Induction Principles (Basis Step Required)

by Dave
(DAVE)—

In this video, I discuss various forms of mathematical induction, including strong induction. I establish that the base case of an induction argument is required. Also, I explain the differences between the second-order logic induction principle and the first-order statement.


Many people use induction arguments, especially all kinds of mathematicians and computer scientists. But what really do we mean by “induction”? So what are induction principles? Firstly, let’s begin by exploring whether the base case of an induction argument is really even necessary.

Is the Basis Step Required with an Induction Principle?

Question. Is it true that $n + (n+1) = 2n$ for all natural numbers $n$?

Suppose I say: yes it is. Then I attempt an induction proof but I decide to skip the base case. Then what happens?

What do we mean by induction principles?

Base case flexibility

Example. Use mathematical induction to prove that $2^{n-1}>n$ for all positive integers $n\geq 3.$

The Strong Form of Induction

Strong Induction. If $P\subseteq\mathbb{N}$ and $P$ has these properties
$ \hspace{1cm} (i) \ 0\in P$ and
$ \hspace{1cm} (ii) \ \forall k\in \mathbb{N}, \ 0,\ldots,k\in P\implies k+1\in P$,
then $P=\mathbb{N}$.

Induction Principles: Various Forms of Induction

First-order version of Mathematical Induction

Notice the following statement has quantification over variables that are elements of $\mathbb{N}$. So this is a statement in a first-order logic.

First-Order Induction Principle I. If $P(n)$ is a mathematical statement with the properties
$ \hspace{1cm} (i) \ P(0)$ is true and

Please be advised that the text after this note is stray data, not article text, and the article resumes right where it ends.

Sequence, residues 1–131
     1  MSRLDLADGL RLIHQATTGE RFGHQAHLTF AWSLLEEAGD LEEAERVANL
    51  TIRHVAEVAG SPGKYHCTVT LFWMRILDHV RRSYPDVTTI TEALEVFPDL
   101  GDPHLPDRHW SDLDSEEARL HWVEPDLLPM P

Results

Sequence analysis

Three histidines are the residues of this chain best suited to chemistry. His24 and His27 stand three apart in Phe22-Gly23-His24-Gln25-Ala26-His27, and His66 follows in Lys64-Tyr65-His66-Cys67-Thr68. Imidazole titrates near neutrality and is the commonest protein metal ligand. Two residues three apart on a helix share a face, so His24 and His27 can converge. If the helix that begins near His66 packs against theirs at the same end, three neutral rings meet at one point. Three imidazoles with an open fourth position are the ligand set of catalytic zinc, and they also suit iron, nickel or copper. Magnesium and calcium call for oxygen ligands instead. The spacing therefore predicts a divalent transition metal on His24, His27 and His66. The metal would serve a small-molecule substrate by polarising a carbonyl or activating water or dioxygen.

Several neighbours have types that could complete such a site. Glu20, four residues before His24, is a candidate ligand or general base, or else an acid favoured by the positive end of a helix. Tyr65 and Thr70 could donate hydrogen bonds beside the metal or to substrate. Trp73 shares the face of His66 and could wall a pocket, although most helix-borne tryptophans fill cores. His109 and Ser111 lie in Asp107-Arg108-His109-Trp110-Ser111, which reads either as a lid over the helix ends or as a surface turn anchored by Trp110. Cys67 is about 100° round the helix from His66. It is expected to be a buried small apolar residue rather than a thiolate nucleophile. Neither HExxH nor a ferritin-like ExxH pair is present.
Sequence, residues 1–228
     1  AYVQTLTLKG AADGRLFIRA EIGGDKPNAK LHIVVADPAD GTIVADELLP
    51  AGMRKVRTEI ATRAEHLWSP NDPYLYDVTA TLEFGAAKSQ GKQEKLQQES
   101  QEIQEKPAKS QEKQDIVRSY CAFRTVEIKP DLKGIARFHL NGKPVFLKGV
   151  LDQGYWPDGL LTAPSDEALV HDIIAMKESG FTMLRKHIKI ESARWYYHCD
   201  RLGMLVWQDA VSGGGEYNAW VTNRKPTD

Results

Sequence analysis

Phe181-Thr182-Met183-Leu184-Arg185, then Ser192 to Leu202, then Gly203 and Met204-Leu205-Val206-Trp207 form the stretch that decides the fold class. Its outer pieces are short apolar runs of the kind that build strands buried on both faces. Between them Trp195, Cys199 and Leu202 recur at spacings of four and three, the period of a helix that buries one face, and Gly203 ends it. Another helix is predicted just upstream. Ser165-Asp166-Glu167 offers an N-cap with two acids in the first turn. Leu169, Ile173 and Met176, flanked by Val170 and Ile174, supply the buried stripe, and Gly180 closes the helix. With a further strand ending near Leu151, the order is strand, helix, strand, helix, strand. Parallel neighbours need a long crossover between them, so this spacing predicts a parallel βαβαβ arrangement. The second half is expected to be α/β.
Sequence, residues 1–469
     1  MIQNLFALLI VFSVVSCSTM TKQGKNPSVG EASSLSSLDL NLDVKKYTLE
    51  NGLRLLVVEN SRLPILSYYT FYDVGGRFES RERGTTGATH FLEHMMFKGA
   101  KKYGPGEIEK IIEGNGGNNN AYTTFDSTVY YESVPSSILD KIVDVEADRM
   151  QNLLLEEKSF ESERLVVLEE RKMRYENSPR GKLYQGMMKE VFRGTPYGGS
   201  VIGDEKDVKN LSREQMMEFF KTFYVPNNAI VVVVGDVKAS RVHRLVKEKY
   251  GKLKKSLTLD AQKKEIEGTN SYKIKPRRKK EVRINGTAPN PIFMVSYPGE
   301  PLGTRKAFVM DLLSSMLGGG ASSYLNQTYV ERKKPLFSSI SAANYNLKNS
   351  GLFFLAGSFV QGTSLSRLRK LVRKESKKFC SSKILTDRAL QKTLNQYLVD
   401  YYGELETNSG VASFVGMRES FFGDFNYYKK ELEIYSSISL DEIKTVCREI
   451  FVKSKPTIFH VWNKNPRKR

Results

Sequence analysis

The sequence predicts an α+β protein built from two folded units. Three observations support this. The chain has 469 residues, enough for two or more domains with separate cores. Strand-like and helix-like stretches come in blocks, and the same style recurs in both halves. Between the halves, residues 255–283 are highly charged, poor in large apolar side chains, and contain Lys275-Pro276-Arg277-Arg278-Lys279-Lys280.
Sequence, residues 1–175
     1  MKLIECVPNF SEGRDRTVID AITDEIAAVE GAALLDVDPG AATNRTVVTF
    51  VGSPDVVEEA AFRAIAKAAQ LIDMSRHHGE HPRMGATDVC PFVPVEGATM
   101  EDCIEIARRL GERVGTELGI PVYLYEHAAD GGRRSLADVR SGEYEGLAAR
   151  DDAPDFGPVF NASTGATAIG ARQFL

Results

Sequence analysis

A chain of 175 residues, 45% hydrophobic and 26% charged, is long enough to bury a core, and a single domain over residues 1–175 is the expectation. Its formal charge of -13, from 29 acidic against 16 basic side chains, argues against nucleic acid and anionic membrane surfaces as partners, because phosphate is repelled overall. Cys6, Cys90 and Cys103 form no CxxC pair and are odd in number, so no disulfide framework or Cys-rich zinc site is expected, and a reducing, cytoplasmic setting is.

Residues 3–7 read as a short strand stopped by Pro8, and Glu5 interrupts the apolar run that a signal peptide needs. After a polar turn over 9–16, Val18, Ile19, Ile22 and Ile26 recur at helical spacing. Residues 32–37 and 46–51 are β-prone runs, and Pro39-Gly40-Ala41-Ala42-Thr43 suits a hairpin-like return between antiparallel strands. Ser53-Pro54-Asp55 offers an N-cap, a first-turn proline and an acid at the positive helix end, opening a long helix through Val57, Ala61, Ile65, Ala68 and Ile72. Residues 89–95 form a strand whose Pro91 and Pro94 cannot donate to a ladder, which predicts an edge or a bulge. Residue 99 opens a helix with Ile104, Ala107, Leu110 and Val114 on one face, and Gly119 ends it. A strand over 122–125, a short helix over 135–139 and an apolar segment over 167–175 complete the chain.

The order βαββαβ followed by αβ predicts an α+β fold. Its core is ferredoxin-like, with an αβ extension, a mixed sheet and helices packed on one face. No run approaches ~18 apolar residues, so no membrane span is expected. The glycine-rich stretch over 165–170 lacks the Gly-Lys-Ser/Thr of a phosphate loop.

$ \hspace{1cm} (ii) \ \forall k\in \mathbb{N}, P(k)$ is true implies $P(k+1)$ is true
then $P(n)$ is true for all $n\in \mathbb{N}$.

Second-order version of Mathematical Induction

Notice the following statement has quantification over sets of variables that are subsets of $\mathbb{N}$. So this is a statement in a second-order logic.

Second-Order Induction Principle II. If $P\subseteq\mathbb{N}$ and $P$ has these properties
$ \hspace{1cm} (i) \ 0\in P$ and
$ \hspace{1cm} (ii) \ \forall k\in \mathbb{N}, k\in P\implies k+1\in P$,
then $P=\mathbb{N}$.

Mathematical Induction: first-order version vs second-order version

Here are some of the key differences between these induction principles:

  • There are countable infinite many statements $P(n)$ and there are uncountably many subsets $P$ of $\mathbb{N}$. For example, every set of the form $$\{n\in \mathbb{N}:P(n) \text{ is true }\}$$ is a subset of $\mathbb{N}$, but there are many more subsets of $\mathbb{N}$ not of this form.
  • The first induction principle is used as an axiom in the Peano’s Axioms (First-Order Arithmetic). In doing so, you must include addition and multiplication as additional axioms. However, with the second induction principle, (Second Order Arithmetic) addition and multiplication can de defined without additional axioms.

Conclusion

There are many versions of induction, hence the term induction principles. If you are interested only in number theory statements, then just use the first-order form of induction. However, if you are also interested in mathematical logic or the foundations of mathematics, then the second-order principles are also enjoyable.

To learn a great deal more on this topic, consider taking the online course The Natural Numbers.